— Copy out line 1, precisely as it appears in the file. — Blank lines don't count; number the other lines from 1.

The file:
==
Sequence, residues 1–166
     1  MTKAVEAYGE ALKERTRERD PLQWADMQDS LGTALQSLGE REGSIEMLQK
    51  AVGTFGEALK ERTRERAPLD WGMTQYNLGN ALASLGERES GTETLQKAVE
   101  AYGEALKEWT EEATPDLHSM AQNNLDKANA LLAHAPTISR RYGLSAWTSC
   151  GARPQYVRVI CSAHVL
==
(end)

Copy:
Sequence, residues 1–166